With running the break comes attacking the basket in traffic. It could be an anxious moment for a coach to watch a player fresh off two years of foot injuries to drive in a crowd. Sixers head coach Brett Brown said he has to be past the feeling of holding his breath whenever he watches Embiid do so. 

“We are so responsible with how we use him and play him,” Brown said. “It’s like us with children. They go out for the night. You’re nervous, but they go out for the night. He plays basketball for a living, and so he plays. We’ve just got to keep putting him in responsible environments and monitoring his minutes.”

As a point guard, T.J. McConnell appreciates Embiid’s skills, especially given his size. 

“To the people that try to pick him up when he brings the ball up the floor, good luck,” McConnell said. “It’s pretty incredible to see.” 

Robert Covington watched Embiid practice his ball handling during his lengthy recovery. He has seen improvements and likes the dynamic it creates for the team on the break. 

“His handle is really tight and then he’s really strong with it as well,” Covington said. “We’re very comfortable with him pushing the ball.”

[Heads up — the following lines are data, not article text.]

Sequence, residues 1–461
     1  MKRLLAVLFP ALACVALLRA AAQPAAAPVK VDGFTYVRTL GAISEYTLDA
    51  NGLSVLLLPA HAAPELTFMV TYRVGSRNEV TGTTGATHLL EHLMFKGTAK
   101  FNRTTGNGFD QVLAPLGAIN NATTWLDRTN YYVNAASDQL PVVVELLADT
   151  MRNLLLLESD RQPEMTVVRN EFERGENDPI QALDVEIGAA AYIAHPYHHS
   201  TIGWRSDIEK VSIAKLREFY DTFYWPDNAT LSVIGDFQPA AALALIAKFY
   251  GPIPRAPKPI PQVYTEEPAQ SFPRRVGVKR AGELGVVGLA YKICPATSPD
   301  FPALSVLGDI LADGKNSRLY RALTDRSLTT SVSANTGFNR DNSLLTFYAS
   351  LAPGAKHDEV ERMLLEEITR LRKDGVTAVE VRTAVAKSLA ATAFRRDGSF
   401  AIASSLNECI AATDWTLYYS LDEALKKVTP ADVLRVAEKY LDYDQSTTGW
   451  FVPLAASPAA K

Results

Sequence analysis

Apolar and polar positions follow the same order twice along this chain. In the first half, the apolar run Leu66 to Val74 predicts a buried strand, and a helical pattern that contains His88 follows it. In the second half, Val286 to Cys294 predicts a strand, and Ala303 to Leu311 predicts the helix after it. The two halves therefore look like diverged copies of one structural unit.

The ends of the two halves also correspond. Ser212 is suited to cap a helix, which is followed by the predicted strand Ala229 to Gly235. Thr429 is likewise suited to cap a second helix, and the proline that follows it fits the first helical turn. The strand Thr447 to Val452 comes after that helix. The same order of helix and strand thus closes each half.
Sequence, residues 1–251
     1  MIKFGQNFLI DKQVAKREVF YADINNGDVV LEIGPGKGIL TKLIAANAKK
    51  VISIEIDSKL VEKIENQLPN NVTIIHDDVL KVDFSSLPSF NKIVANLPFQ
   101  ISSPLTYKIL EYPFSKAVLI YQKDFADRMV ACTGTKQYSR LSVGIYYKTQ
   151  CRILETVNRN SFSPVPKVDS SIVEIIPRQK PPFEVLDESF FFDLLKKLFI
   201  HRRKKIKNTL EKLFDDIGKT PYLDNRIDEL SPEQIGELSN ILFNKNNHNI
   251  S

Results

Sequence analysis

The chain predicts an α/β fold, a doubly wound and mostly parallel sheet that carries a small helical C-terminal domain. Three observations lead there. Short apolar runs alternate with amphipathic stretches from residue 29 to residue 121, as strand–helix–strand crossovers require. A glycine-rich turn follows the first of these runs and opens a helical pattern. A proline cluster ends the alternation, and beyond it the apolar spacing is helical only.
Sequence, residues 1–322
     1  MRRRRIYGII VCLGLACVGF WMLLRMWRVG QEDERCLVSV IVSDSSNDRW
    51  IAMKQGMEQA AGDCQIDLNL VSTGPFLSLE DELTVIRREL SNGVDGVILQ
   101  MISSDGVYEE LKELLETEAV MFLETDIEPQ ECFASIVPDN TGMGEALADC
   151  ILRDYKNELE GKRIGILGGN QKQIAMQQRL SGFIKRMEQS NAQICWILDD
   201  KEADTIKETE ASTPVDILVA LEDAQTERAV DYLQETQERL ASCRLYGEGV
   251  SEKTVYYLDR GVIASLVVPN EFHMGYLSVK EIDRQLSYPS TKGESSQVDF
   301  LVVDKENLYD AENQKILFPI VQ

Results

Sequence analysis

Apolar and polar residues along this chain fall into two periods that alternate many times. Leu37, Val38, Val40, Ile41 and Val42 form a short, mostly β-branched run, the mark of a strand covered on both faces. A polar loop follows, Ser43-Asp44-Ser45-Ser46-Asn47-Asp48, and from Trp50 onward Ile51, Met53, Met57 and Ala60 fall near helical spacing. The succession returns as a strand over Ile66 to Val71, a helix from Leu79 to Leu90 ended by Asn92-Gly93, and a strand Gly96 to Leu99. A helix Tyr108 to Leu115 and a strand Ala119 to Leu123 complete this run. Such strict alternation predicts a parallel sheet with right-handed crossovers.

That being said, Brown isn’t about to anoint Embiid into a point-center role. He knows Embiid’s desire to be active all over the court, but just as he’s said he doesn’t intend for Embiid to become a go-to three-point shooter, he also wants Embiid to focus on his true position. 

“Joel likes to be a player,” Brown said. “He wants to be a guard. He wants to shoot a three. He wants to be a post player. He wants to play. And we all have seen enough to think he actually can. 

“There are times that he rebounds and leads a break, we want him being aware of get off it, get it to a point guard more than not. I don’t mind him coming down in trail if he’s got daylight, him shooting some. He’s got a wonderful touch and I’ve seen it for two years. 

“... All over the place, I want to grow him. I’m not just going to bucket him up. I still say, like I say to him, 'At the end of the day, you’re a seven-foot-two post player. Post player.'”

Watch Embiid running the floor here: